the Little Red Reviewer

Someplace to be Flying, by Charles deLint

Posted on: April 20, 2010

This review was originall posted here.

They say that Raven created our world to have someplace to be flying. Myths were once stories, which were once histories which were once actions. Otherwise, where would the stories have come from in the first place?

Known for often intertwining Celtic mythology with an urban punk or fantasy plotline, Someplace to be Flying instead uses Native American mythology has it’s foundation. DeLint seamlessly blends Native American mythology with his urban style for a story of bohemian characters who are going to save the world, even if it kills them.

Introduced early on to two young sisters (friends? cousins?) who claim to be “bird people” of some kind, it’s easy to believe they are just punky teenagers who live down the street, of course they don’t live in a tree, or kill bad guys in an alley, because that would be silly. And then, there are the (mostly) normal people: Kerry, a young art student recently released from a mental institution, Lily a photojournalist who seems to be finding trouble around every corner, Hank, a gypsy cab driver who also finds trouble everywhere he looks, Katy, a homeless redhead who is convinced her sister is going to kill her, Rory, a journalist who wants to be an artist (or is it the other way around?) a collection of other odd ducks, and of course, there is Jack.

Now Jack, he is the key. Jack the story teller, Jack who never ages and knows everyone, who always has a story to tell about the world coming out of a cauldron, about coyote causing all sorts of trouble and then trying to fix it, about the bird people, about the cuckoos who aren’t as smart as they think they are, and about meeting a beautiful woman and forcing himself to break her heart. How much of his stories are true? To here him tell it, they all are. There are those of us who are intimately involved with the mythology that is alive around us, and those who choose to believe it’s all just stories.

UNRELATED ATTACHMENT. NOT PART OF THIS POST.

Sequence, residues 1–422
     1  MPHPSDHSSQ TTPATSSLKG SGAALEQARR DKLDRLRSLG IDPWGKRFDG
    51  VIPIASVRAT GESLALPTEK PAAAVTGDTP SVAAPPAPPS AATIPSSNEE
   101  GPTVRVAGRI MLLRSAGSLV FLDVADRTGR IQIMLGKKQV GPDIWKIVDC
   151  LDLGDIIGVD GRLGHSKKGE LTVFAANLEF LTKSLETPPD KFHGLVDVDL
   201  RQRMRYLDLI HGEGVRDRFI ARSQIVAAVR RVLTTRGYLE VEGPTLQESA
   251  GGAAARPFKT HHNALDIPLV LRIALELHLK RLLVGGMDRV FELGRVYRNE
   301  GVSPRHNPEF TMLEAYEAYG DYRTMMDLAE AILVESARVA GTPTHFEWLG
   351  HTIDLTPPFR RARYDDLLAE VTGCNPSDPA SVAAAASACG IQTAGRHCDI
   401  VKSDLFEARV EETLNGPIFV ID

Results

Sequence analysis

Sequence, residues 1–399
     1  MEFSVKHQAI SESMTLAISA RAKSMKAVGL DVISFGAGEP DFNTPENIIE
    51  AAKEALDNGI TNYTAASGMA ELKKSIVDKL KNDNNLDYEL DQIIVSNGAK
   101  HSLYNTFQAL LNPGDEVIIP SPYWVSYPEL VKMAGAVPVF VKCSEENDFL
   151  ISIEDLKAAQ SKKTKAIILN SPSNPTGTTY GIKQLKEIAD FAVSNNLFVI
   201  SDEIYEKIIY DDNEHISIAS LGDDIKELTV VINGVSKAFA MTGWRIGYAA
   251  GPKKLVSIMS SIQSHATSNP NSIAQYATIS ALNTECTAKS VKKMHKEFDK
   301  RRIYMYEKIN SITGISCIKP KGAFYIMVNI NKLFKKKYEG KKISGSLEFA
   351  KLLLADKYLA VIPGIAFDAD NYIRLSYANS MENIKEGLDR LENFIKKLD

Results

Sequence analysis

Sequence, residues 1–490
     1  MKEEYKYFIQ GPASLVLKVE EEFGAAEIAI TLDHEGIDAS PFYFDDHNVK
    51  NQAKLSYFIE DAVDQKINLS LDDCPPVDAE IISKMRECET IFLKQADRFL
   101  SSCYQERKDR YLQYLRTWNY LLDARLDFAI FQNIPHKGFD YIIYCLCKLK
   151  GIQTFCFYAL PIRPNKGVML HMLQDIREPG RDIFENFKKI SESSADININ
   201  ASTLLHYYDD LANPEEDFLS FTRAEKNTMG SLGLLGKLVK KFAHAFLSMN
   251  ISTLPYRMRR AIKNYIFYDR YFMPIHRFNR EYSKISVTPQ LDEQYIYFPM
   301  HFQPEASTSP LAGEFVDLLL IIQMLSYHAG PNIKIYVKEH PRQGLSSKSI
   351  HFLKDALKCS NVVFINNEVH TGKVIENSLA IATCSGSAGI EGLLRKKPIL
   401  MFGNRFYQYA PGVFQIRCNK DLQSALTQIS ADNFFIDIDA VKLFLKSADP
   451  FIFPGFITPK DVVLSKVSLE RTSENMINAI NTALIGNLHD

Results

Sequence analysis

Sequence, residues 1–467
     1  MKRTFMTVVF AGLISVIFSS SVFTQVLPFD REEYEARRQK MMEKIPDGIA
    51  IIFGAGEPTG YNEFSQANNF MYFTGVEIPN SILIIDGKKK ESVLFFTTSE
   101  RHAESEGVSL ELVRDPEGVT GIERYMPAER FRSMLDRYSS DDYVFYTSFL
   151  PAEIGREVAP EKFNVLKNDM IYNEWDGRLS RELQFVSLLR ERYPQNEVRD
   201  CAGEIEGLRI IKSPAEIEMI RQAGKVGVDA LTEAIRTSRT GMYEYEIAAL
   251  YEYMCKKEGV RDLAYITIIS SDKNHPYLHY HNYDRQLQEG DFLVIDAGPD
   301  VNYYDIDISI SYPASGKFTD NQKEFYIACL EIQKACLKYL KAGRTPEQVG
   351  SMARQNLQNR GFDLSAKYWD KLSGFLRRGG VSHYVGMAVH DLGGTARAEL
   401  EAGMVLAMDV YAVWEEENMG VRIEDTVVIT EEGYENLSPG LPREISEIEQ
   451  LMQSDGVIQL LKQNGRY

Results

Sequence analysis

When it becomes known that a specific artifact from Jack’s stories is not only very real, but missing, the fight is on to retrieve it before it can fall into the wrong hands. No one is sure what form the artifact will take, but for anyone willing to pay the price, it can change the world, or it can destroy it. Cody is sure that this time, he can best use the artifact to change the world for the better, the Couteau clan of the Cuckoo’s think their idea is best, while the rest of the bird people just want it back in safe hands. But what is “safe hands”? Will keeping the artifact away from everyone keep it, and them, safe? The artifact has a mind of it’s own, and how can anyone know what to do with it if they’re not willing to ask it what it wants? Someone must step up to the plate, to do what needs to be done, to keep our world from being destroyed.

While many other Charles deLint books I’ve read in the past suffered from what I call “Michael Crichton syndrome” (where the whole thing gets wrapped up in a few paragraphs at the end, and everyone agrees to never talk about it again), I can happily say that I was fully satisfied with the climax. It was moving, tragic yet beautiful, epitomizing redemption.

With such a large ensemble cast, DeLint introduces a slew of characters very quickly, causing what I felt was a sacrafice of opportunities for characterization. DeLint seems to excel in his novels where there are only one or two main characters, where he doesn’t need to focus on creating a background for so many people. I’ve got to wonder if he had trouble keeping track of everyone, because at some points, I did as well. There are people who are introduced once, never to appear again, other who are referred to, (“oh my gosh, you know so and so???”), quickly met, and then never show up again. A bit sloppy, and difficult to forgive, but I say read this book for the stunning attempt of the storytellers to render ancient mythology on a modern canvas, and try to forget about the annoying bits.

Myths were once stories, which were once histories, which were once actions. They say that Raven created our world to have someplace to be flying.

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some of the books reviewed here were free ARCs supplied by publishers/authors/other groups. Some of the books here I got from the library. the rest I *gasp!* actually paid for. I'll do my best to let you know what's what.
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